As war raged on the continent, Dyson was once taking a walk with a friend of his, the Indian mathematician Harish-Chandra who later became his colleague at the Institute for Advanced Study in Princeton. Harish-Chandra had started as a physicist, studying under Paul Dirac. Dyson had already started getting a taste of applied mathematics, working for Bomber Command where he was using statistics to figure out the most effective way to bomb Germany into surrender. “I am planning to leave physics for mathematics”, said Harish-Chandra. “I find physics to be unrigorous, messy, elusive”. “Interesting”, replied Dyson. “I am planning to leave mathematics for physics for exactly the same reasons.” Dyson was farseeing, and while mathematics would continue to be a rich source of discoveries, he could see that it was physics that was becoming the most promising discipline then. The atomic bomb, which as far as most people were concerned had won the war, sealed the decision in his mind to become a physicist and told him that physics and America were where the action was.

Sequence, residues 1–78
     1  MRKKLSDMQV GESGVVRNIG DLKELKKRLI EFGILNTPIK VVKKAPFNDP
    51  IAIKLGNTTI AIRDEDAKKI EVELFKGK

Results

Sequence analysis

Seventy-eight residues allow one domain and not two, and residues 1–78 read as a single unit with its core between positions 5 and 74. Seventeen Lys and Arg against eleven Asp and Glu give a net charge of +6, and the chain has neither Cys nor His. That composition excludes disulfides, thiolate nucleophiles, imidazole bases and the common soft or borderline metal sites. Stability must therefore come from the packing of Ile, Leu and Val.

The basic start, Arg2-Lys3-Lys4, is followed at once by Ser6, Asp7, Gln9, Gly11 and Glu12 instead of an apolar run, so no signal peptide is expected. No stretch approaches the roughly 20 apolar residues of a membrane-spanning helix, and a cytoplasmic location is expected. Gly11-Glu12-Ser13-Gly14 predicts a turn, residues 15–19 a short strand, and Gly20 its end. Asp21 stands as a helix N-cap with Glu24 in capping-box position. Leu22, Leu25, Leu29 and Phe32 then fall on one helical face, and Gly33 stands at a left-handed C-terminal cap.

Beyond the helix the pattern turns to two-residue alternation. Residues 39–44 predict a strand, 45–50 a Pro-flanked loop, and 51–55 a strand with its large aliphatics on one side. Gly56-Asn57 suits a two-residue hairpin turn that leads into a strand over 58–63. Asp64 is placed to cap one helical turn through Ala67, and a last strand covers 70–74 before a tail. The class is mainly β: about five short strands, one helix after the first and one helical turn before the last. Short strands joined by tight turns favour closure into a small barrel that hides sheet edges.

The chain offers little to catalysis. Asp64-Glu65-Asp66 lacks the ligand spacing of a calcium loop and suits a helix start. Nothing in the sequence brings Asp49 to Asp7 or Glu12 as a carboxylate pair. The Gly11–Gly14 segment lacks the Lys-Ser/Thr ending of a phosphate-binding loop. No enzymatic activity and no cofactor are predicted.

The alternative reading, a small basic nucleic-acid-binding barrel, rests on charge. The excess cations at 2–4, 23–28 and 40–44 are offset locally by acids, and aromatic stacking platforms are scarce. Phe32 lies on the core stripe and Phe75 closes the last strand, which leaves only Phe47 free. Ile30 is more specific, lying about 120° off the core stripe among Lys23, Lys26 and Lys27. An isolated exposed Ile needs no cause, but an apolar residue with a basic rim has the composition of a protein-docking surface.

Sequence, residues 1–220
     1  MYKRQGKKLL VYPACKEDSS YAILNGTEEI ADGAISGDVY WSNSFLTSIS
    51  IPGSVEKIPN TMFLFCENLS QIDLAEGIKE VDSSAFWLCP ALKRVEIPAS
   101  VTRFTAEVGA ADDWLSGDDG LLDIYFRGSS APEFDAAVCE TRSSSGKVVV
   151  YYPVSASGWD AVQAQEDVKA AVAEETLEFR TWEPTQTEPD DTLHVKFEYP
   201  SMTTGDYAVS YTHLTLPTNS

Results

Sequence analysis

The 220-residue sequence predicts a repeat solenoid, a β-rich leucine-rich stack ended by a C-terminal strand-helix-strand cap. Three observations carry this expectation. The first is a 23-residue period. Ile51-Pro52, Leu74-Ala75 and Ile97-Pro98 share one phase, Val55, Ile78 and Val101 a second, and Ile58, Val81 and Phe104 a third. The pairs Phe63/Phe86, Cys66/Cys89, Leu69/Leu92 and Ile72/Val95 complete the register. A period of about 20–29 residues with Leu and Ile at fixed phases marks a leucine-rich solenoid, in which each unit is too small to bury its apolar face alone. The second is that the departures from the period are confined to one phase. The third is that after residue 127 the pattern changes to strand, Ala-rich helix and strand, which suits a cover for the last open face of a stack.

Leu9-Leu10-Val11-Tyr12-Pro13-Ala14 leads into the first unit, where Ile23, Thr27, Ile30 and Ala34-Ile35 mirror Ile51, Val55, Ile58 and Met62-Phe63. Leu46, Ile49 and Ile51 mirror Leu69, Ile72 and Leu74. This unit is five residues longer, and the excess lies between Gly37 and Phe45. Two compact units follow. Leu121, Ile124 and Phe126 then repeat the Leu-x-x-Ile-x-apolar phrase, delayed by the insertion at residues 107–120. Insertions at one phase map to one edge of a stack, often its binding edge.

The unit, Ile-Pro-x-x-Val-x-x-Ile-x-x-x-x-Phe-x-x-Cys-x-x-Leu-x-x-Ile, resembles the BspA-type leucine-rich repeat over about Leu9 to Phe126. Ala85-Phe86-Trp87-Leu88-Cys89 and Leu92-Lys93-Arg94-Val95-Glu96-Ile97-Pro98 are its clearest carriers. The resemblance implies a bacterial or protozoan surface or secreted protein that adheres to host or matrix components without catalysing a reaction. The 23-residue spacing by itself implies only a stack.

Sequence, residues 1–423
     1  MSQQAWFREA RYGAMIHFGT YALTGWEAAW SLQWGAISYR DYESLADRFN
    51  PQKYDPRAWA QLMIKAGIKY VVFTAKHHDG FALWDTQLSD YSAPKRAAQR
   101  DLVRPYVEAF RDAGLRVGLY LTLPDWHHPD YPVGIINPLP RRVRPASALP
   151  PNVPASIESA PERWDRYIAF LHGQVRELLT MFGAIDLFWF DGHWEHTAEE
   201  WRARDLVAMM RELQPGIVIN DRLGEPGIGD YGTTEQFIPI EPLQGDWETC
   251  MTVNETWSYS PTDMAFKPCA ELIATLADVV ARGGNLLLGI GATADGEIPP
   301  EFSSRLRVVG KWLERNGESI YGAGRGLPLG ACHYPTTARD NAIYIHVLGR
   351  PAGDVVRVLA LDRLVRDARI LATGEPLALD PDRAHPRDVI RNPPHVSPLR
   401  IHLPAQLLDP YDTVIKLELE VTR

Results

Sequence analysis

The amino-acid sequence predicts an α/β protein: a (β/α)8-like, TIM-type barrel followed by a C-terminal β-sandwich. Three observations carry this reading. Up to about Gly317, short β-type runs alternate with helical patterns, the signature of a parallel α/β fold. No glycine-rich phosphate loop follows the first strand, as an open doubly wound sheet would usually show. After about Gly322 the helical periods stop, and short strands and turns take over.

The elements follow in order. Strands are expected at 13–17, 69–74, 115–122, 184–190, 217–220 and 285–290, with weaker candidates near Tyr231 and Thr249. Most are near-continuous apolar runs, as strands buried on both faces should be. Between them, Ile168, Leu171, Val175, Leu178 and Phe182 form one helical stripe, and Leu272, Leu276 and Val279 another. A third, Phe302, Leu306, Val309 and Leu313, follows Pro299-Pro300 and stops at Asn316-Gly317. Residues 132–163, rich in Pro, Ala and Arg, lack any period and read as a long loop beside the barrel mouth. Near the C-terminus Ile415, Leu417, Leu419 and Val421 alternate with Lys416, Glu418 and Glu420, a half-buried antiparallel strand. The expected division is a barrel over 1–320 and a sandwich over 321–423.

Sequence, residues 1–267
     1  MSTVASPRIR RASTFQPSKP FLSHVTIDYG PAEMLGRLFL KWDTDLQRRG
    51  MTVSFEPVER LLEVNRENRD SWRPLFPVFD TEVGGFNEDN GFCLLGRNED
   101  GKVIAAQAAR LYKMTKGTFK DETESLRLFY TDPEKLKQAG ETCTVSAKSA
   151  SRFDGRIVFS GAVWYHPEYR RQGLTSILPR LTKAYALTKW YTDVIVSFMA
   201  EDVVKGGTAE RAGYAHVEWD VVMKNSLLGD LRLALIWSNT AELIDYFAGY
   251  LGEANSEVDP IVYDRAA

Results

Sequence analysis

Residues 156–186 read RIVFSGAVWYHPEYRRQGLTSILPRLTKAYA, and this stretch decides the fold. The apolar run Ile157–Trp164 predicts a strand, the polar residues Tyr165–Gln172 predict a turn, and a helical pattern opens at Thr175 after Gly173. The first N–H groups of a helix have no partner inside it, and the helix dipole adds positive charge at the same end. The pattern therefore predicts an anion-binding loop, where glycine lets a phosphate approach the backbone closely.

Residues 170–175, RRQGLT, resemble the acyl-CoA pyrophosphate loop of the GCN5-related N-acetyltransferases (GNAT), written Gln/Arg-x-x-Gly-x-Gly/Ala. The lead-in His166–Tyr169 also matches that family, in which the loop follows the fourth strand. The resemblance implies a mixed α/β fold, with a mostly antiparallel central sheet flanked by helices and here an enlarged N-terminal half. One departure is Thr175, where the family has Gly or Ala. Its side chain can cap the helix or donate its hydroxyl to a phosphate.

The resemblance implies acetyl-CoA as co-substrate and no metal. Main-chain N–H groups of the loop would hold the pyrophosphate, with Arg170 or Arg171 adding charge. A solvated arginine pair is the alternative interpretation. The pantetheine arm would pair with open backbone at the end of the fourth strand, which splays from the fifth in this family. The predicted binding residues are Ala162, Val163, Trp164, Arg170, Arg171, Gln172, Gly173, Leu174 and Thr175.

But Dyson was not even the most unconventional figure in this regard. Right after the war he ran into Francis Crick who had spent a depressing time during the war working on magnetic mines for the British admiralty. He was just then planning to switch to biology and join the famous Cavendish Laboratories where researchers under the physicist Lawrence Bragg were working on deciphering the structures of proteins. Bragg himself was one of the pioneers of x-ray crystallography and had decided to change the Cavendish’s direction, from its early pioneering work in physics under J. J. Thomson and Ernest Rutherford to new research in biology. When Dyson met Crick he explained his decision to switch to biology. Dyson told him biology was interesting but it was too early to be able to make major contributions to it. As Dyson recalled, he was happy that Crick disregarded his advice and went on to become perhaps the most important biologist of the 20th century, not only cracking the structure of DNA but deciphering the genetic code and influencing an entire generation of molecular biologists. I tell these stories to make the point that while Dyson was certainly an unconventional mind himself, it helped quite a bit that he was surrounded by equally unconventional and odd minds during his formative years as a student, people who switched fields with impunity and worked on completely new things. One might in fact argue that Cambridge was then a breeding ground for contrarians; in the next decade or two it would house minds like Thomas Gold, Fred Hoyle, Roger Penrose and Stephen Hawking, all known for the audacity and unconventional nature of their ideas.